Tuesday, January 3, 2017

new year, new hobby

Yesterday I went bird watching.  There is a Christmas Bird Count sponsored by the Audubon Society, and I took part.  The group I was part of has been meeting for years here in town.  We met up in the morning at a restaurant, and then we were put into groups .  Each group was assigned to cover a certain part of the area surrounding town.  We drove around, looking for birds, sometimes stopping to see if a grove of trees had any birds.  We also stopped when an individual saw a bird.  Then those with binoculars would try to determine what kind of bird it was.  The surprise to me is that we saw eighteen unique species-despite it being in Minnesota in winter.  Some of those were three kinds of woodpeckers, at least one dark-eyed junco, snow buntings, two types of finches, lots of blue jays, six robins, two cardinals, along with some turkeys and pheasants.  It was good to go with others (I didn't know what a junco was and didn't have binoculars either), but bird watching might be my new hobby.  I like the idea of it, as I don't need to invest in a lot of stuff (probably just another bird guide and a set of binoculars).  It is also something I can do anywhere and it doesn't produce stuff, though I will likely start a notebook to track what I have seen as well as when and where I saw certain birds.  

Wednesday, December 28, 2016

If You Give a Mouse a Brownie

If You Give a Mouse a Brownie by Laura Numeroff and illustrated by Felicia Bond is the newest book by the popular duo.  Written in the same style as the other books, Mouse wants more than what he has and continues to ask for one more thing.  I enjoyed this story more than If You Give a Cat a Cupcake or If You Give a Dog a Donut.  For those of you who liked the other books or have children who do, this is worth picking up at the library or the bookstore. 

Wednesday, December 21, 2016

Winter, Winter, Cold and Snow

Winter, Winter, Cold and Snow written by Sharon Gibson Palermo and illustrated by Christina Song is a good book to share with children this winter.  Each page depicts a forest animal and what they do in the winter.  It could be shared with preschool or grade school children regarding animal behaviors in a cold and snowy climate.  The repetitive line "Winter, Winter, Cold and Snow," reminded me of Brown Bear, Brown Bear, What Do You See?  by Bill Martin Jr, though the vocabulary in this book is more complex than Martin's work.  It appeals to me as an adult because it is not overly simple and it reminds me of the uniqueness of winter in the northern United States and Canada.

Friday, December 16, 2016

Long Way Gone

Long Way Gone is Charles Martin's newest book.  It is the story of Cooper O'Connor, a gifted musician and a prodigal.  Cooper is 18 when he leaves his father behind and goes to Nashville with hopes to make it big.  Nothing turns out as he planned.  The day he meets Daley Cross is the day his life changes, though that too, is temporary.  This is a compelling story told from Cooper's point of view more than twenty years after the day he left home.  The characters are well developed and seem like real people.  The story of how difficult it is for a prodigal to go home was portrayed realistically.  I did not enjoy this book as much as I did Water From My Heart, also by Martin, but it is worthwhile read and would be a good book club choice.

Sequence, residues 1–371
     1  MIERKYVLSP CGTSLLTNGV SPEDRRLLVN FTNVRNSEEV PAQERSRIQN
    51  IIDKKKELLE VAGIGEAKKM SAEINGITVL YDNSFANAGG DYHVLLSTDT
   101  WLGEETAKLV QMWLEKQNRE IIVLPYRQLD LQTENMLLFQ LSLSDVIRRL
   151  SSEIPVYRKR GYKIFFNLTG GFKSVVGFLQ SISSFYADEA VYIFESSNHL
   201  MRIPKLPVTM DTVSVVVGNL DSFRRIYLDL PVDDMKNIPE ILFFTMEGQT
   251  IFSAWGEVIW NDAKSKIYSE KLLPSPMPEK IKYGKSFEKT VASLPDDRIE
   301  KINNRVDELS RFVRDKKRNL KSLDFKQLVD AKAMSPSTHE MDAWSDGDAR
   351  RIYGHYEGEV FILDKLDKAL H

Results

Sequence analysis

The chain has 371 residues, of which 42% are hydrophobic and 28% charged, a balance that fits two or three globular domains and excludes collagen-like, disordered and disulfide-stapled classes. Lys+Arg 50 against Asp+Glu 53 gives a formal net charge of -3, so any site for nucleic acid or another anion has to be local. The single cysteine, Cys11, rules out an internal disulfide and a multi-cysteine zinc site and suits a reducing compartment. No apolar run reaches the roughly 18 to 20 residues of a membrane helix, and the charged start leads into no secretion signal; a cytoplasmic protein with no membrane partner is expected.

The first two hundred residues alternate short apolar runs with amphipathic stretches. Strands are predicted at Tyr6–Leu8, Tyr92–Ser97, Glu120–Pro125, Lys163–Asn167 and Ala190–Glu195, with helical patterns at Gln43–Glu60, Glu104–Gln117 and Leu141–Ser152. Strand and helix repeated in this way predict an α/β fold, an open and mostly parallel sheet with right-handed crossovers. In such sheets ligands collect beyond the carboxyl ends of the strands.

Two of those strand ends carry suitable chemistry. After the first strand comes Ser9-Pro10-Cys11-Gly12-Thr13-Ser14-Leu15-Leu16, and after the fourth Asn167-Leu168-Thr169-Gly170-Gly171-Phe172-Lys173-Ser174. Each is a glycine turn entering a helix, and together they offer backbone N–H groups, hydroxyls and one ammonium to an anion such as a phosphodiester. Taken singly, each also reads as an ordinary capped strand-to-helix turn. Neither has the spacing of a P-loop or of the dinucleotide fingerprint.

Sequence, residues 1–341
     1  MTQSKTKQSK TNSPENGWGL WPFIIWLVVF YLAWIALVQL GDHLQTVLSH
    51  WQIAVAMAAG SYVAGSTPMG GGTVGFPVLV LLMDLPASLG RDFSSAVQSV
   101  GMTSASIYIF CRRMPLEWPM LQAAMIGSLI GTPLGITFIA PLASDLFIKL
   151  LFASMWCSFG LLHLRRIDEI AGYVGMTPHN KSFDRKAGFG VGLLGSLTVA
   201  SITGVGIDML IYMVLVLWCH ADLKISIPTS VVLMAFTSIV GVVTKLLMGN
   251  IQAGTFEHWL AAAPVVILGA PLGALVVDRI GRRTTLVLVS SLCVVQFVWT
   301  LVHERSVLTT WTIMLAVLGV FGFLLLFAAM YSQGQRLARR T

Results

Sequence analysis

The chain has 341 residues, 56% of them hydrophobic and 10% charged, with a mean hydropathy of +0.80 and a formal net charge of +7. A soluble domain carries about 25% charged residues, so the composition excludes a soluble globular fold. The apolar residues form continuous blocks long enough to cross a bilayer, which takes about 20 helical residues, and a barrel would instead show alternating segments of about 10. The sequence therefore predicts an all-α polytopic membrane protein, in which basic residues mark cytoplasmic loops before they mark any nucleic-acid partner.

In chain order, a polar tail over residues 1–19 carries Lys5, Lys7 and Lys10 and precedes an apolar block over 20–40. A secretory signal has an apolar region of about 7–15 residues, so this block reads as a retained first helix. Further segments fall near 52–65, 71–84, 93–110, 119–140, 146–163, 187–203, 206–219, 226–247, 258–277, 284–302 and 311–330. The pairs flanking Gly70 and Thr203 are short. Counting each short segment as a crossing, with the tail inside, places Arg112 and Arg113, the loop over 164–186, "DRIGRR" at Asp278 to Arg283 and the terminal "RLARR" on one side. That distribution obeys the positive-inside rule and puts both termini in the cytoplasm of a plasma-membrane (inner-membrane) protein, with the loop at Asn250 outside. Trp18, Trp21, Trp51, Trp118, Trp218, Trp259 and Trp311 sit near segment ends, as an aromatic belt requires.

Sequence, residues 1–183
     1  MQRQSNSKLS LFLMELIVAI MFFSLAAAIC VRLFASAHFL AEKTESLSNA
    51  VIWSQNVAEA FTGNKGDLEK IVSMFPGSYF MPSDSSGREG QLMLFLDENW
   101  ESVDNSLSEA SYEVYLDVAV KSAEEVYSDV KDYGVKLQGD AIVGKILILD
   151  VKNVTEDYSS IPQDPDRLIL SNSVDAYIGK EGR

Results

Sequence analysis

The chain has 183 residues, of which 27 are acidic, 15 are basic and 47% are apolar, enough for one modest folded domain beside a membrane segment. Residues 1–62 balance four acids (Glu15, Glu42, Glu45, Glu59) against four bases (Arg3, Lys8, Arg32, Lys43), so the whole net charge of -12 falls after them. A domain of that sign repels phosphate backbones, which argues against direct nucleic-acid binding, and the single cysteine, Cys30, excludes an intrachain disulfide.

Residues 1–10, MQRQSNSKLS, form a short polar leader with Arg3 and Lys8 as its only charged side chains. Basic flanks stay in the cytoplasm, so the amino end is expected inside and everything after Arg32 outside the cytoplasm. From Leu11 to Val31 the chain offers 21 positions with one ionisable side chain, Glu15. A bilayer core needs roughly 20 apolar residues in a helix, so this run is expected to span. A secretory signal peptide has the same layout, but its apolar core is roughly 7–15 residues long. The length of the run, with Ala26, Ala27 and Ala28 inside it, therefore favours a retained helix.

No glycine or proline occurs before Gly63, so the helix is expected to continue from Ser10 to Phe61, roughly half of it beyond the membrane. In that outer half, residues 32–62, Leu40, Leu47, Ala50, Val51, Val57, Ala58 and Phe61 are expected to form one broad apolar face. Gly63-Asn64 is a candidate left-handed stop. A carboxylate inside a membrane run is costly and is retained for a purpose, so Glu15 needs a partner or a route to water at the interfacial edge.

Friday, November 25, 2016

Paper Things

I picked up Paper Things by Jennifer Richard Jacobson the other day at the library.  The story is told by eleven year old Ari.  She and her brother Gage lived with Janna as their guardian.  Gage is a nineteen year old who didn't want to live with Janna anymore, so Gage and Ari leave.  But Gage doesn't have a job or a place to live, so they depend on friends.  It seems like a realistic view of the difficulties of being homeless and trying to continue living a normal life.  This book would be good to read and discuss with middle school or high school students.  Though classified as juvenile literature, it is worth reading for anyone who works in a school system or with young people.   

Saturday, November 19, 2016

quilt camp

Last week I went to an organized quilt camp for the first time.  My sister Amanda was the teacher for the weekend.  While many people had their own projects to work on, I decided to try making the pineapple block that she showed.  It was good that I was at a class or I may not have ever really figured it out.  I made six blocks, then realized I am going to need more cream/white fabric prints. 

So I made a few other things, including this placemat that uses Good Neighbors fabric from Connecting Threads.  The back is some cute bunny fabric and scraps from my sister's stash.  When I finished, I decided that I liked the back better than the front.